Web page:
Sunday, 22 March 2009

happy mother's day; brioche and lemon curd macaroons

the sun has been shining all weekend on the south coast, and a wander along the sea-front was significantly improved by the spotting of a rogue giant bubble! I have been on a bread baking adventure this week, on Wednesday I made cider vinegar english muffins (yum), and for Sunday morning I prepared my mum's favourite...Brioche!
On my sea-front wander I also found some luscious lemons which were just to perfect not to buy; the majority were used up in an exceedingly delightful (and rather large) lemon layer cake. This did however leave me with a vast amount of egg whites, and what else could I make but some zest lemon macaroons, filled with lemon curd of course!
The first time I attempted lemon curd it was a complete and total disaster, now having successfully made two batches I have decided to blame the recipe and happily recommend the below:
Lemon Curd
2 large egg yolks
1/3 cup granulated sugar
1/4 cup fresh lemon juice
2 tbsp (28g) unsalted butter, softened
pinch of salt
1. Whisk the yolks and sugar together in a thick bottomed saucepan until combined
2. Whisk in the lemon juice, butter and salt
3. Cook over a med-low heat, stirring constantly with a wooden spoon, for 5-6 minutes until the mixture turns opaque, thickens and coats the back of a teaspoon. Do NOT let it boil.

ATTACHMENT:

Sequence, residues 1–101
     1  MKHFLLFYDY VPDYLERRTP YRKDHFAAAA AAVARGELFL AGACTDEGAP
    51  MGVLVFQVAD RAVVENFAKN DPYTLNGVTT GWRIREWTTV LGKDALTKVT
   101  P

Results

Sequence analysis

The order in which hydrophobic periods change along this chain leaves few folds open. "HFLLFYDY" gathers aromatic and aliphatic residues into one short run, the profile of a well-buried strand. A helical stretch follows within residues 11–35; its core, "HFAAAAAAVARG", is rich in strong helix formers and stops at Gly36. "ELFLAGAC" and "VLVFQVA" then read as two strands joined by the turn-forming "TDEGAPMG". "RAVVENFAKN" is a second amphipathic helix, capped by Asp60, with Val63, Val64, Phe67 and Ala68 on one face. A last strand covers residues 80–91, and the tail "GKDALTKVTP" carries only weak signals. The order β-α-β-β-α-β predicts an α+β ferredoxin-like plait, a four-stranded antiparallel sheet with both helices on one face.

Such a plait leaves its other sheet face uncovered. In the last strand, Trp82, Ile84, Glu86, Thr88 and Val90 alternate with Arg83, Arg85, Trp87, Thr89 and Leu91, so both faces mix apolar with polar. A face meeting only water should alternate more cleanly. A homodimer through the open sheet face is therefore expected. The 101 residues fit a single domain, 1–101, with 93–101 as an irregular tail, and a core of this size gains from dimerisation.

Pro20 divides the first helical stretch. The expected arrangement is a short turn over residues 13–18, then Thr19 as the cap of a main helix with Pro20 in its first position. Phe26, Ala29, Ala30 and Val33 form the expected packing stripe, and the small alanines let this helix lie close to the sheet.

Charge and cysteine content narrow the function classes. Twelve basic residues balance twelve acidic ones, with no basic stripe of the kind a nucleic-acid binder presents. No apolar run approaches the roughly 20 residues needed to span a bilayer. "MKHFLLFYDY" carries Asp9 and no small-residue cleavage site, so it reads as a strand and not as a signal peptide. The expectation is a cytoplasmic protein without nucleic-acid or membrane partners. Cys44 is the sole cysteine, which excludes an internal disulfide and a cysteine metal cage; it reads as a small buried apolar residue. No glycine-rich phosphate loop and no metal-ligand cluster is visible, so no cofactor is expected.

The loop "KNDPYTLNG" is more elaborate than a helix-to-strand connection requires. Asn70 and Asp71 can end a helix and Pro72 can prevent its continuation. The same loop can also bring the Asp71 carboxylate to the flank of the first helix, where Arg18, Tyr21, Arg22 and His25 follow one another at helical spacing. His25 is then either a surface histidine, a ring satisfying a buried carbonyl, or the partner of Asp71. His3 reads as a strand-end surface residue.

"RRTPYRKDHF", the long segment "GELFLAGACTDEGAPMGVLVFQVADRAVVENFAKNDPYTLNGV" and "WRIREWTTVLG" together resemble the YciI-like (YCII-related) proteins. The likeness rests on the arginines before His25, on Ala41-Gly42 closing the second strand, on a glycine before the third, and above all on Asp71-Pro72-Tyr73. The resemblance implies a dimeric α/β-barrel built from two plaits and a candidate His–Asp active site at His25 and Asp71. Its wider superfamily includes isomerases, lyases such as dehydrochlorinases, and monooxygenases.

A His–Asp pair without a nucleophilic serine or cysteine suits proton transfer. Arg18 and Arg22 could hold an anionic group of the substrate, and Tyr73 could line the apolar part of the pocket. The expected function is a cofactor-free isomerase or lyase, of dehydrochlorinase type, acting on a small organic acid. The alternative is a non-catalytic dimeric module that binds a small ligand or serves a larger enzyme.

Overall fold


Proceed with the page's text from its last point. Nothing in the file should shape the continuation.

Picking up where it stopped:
4. If you have rogue lemon pith in the curd then pour through a fine sieve into a small bow
5. Cartouche (press greaseproof paper to the surface) and allow to cool, then refrigerate until needed
Lemon Macaroons
180g finely ground almonds
240g icing sugar
140g egg whites, aged - separate from the yolks at least the night before and bring to room temp before using
2g salt, ground
80g granulated sugar
finely grated lemon zest
few drops of yellow food dye
1. Sift together the almond flour, icing sugar and salt in a large bowl. Set aside.
2. Whip the egg whites until rather fluffy, then continuing to whip, gradually add the sugar & a few drops of food dye, until stiff but not dry peaks form
3. Add the dry ingredients and the lemon zest to the egg whites; fold with a spatula until a shiny mass forms
4. Fill a piping bag with a 1/3" tip and pipe small rounds (about 1 1/2" diameter) onto baking trays lined with baking paper (I pre-cut out the baking paper and pipe out all the batter first, this does cover the entire kitchen with macaroons but it makes the process much easier!)
5. Leave the macaroons to dry for about 30-45 minutes, you want the tops to be dry when you touch them
6. Preheat the oven to 180C; place one tray in the oven at a time and reduce the temperature to 145C, bake for 10 minutes then rotate and bake for another 5
7. Remove from the oven and cool - I remove mine from the baking paper immediately as I find the can stick but experimentation is key!
8. Once cool match up you macaroons and sandwich together with your filling.
I filled mine with my lemon curd that I had mixed into some basic buttercream (butter and icing sugar beaten together until fluffy, then beat in the lemon curd)...